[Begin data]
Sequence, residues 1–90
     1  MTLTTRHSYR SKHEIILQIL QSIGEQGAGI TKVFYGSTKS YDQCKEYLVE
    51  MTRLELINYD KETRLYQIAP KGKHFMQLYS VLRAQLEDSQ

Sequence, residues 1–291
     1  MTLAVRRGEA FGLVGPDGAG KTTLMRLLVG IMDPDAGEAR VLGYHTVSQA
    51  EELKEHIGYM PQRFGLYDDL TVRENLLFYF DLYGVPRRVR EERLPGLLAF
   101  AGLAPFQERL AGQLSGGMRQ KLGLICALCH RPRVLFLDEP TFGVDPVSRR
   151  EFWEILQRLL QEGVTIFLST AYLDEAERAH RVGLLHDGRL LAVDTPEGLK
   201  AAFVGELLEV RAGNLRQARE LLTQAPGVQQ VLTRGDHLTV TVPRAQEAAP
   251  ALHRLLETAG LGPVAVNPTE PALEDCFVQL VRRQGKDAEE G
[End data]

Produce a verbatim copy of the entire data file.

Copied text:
Sequence, residues 1–90
     1  MTLTTRHSYR SKHEIILQIL QSIGEQGAGI TKVFYGSTKS YDQCKEYLVE
    51  MTRLELINYD KETRLYQIAP KGKHFMQLYS VLRAQLEDSQ

Sequence, residues 1–291
     1  MTLAVRRGEA FGLVGPDGAG KTTLMRLLVG IMDPDAGEAR VLGYHTVSQA
    51  EELKEHIGYM PQRFGLYDDL TVRENLLFYF DLYGVPRRVR EERLPGLLAF
   101  AGLAPFQERL AGQLSGGMRQ KLGLICALCH RPRVLFLDEP TFGVDPVSRR
   151  EFWEILQRLL QEGVTIFLST AYLDEAERAH RVGLLHDGRL LAVDTPEGLK
   201  AAFVGELLEV RAGNLRQARE LLTQAPGVQQ VLTRGDHLTV TVPRAQEAAP
   251  ALHRLLETAG LGPVAVNPTE PALEDCFVQL VRRQGKDAEE G